Does Owning a Home Really Put You Ahead of Your Peers?

by Kevin on February 3, 2012

My wife and I bought our first home at the ages of 23 and 22. This was in the year 2007. We put 5% down, got a traditional 80% mortgage, and had a slightly higher interest rate 2nd mortgage for the remaining 15%.

At the time our family and friends showered us with praise. We heard things like “This is such a big step for your future!” and “You are so far ahead of your peers!”. And I’ll grant that, at the time, this was somewhat true. It’s not that other young couples hadn’t purchased homes, but we hadn’t bought a house to flip. We bought a home to live in. The people we knew our age that had purchased something had the intention of flipping it or building their real estate empire.

Were we truly ahead because of our home purchase?

How Far Ahead of Our Peers Were We?

Being able to purchase something like a home is a big deal. Owning your house in the United States is something that a lot of people never accomplish. We saved up for a long time to put that 5% down and be in a spot where we could afford our mortgages. We still had acceptable levels of savings stored away for emergencies. We were smart about our finances. We had extra cash flow and had done the math – we could pay off the 2nd mortgage within 3 years of buying the home. It would cost us a few thousand in interest and we figured there were worse things that you can blow a few thousand dollars on. Plus, we weren’t going to move for years.

But we rushed into home ownership. We didn’t save up the 20% down payment that every smart professional recommends. We used the second mortgage to avoid PMI. And as much as we had tried to think things through, as much as we thought we were going to live in Birmingham for a long time, we were wrong. We were short-sighted. And we didn’t have mentors telling us to slow down… which is understandable considering the entire country was swept up in the whole “houses never go down in value!” mentality.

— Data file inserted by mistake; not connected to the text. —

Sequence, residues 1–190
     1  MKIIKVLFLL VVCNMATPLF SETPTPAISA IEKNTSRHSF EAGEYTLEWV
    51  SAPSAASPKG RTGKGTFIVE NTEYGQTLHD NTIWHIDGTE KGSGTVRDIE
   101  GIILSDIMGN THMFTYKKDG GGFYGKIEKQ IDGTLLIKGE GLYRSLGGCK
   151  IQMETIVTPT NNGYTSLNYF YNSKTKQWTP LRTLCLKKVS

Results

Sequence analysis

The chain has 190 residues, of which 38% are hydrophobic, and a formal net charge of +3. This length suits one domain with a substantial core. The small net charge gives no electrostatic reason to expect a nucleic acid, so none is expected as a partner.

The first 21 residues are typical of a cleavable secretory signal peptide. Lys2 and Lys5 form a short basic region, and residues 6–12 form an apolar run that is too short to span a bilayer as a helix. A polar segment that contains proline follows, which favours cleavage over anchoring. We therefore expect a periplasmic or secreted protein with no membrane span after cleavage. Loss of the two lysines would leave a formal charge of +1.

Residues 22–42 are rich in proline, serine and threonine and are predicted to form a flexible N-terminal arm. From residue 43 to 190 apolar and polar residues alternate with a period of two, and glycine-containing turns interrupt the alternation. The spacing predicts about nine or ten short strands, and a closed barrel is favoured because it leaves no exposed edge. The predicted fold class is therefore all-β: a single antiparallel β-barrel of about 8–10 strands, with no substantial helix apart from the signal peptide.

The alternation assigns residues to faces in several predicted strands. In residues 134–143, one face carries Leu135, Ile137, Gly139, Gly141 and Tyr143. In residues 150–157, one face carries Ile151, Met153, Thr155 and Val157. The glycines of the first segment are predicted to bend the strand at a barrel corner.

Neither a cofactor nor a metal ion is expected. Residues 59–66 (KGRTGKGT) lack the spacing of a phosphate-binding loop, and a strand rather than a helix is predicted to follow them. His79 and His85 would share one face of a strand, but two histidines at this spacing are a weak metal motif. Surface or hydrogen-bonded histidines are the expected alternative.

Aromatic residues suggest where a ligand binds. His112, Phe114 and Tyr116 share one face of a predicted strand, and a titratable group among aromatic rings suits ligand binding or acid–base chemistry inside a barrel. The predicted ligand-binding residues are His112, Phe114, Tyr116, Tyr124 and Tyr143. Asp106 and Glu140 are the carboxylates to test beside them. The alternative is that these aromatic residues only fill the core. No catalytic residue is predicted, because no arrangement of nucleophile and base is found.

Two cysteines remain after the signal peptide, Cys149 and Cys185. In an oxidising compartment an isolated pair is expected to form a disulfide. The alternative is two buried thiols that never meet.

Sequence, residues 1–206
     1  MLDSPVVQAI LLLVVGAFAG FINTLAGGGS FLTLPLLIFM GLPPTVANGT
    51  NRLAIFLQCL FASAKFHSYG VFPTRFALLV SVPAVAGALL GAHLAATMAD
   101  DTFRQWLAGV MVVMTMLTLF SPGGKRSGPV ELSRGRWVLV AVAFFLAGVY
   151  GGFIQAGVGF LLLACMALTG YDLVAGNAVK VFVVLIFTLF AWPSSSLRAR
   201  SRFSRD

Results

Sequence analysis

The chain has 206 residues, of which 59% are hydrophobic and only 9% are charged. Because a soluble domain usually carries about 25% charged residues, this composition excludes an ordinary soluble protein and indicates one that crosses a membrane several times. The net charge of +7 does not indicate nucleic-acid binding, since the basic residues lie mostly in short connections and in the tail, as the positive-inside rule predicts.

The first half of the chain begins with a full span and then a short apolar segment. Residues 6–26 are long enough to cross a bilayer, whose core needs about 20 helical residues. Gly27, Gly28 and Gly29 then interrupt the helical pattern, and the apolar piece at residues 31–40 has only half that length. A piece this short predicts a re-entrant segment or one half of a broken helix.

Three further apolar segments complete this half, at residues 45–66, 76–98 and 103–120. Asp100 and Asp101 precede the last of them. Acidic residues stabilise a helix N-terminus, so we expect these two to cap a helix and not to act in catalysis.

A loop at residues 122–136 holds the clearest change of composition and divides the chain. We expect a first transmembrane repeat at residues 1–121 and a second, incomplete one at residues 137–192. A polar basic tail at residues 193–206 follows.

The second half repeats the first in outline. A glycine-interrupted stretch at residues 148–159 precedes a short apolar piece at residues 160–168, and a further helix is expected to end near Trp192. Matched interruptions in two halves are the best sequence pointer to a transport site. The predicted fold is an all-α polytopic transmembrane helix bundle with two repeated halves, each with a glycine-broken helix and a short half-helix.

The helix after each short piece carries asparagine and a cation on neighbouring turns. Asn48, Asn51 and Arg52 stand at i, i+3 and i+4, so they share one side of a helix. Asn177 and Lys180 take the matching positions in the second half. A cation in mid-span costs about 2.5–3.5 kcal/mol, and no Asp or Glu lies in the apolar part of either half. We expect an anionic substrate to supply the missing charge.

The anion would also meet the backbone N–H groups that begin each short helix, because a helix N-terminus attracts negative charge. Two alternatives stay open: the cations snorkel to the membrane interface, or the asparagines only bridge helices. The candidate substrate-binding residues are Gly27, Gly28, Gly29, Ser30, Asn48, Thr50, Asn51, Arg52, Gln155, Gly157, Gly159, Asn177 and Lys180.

Keeping Up With The Joneses

There is something deeply twisted in the American psyche. We’re always comparing ourselves to others. Always wanting to be better. Always wanting to one up the next guy.

So when our friends and family were patting us on the back and saying how far ahead of our peers we were, they were feeding our internal pride. It made us blind to some of the dangers we were taking on — and we thought we were being responsible. (Granted, we were more responsible than many. We didn’t go out and finance 10 properties on stated income mortgages to try and build an empire based on nothing. And we could afford our mortgages. And we got fixed-rate mortgages, not interest only. And so on.)

Comparison Always Ends in Pain

In the end, we got burned by trying to be ahead of our peers. We ended up moving at the end of December 2010 — a little more than 3 years after we closed on our home. We never thought we would move that quickly, but living 6+ hours away from our families was too much for us. An unexpected opportunity opened up and we jumped at the chance to move. We ended up losing practically all of our equity in our home when we moved — a hefty 5 figure loss.

But it could have been worse. We could have had no equity in our home. We could have not worked hard to pay off our 2nd mortgage quickly. We could have been foreclosed on or had to do a short sale. So we count our blessings and are thankful for those things.

In the end owning something doesn’t put you ahead of your peers. Just because you can buy a home, or a car, or a vacation home… whatever the status symbol of your stage of life is, it doesn’t mean you’re doing better if you’ve got it. It doesn’t mean you aren’t doing enough if you can’t afford it. Every situation is unique. We’re more concerned with savings and cash flow at this point. We could have purchased a nicer or bigger home in Knoxville if we wanted to, we could have stretched ourselves extraordinarily thin to make ourselves look better. But that doesn’t really benefit us, and we would be greatly increasing our odds of something bad happening financially.

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February 6, 2012 at 8:41 am


Eric February 3, 2012 at 11:42 am

Great points! You are right, it didn’t need to take a house collapse to expose our deep psyche to compare ourselves with the Joneses. We were like that before, and we probably are still like that now. I just hope more people realize how debt can propel us to another socio-economic level, but it is always at a high cost. Thanks for sharing this great lesson. Good luck and God Bless!

Keep up the good work,

Money Infant February 4, 2012 at 2:27 am

It is impossible to see into the future. There’s never a way to know if you will need to move sometime in the near or distant future, especially in our increasingly mobile society. I’ve moved 10 times since leaving home at 18, that’s a move roughly every 2.5 years and while some were planned I think 3 of the 10 came pretty much out of the blue because of an opportunity that popped up. All you can do is try to put yourself in the best position possible for staying put and also for the eventuality that you will have to move (sometimes quickly). Of course now I just rent 🙂

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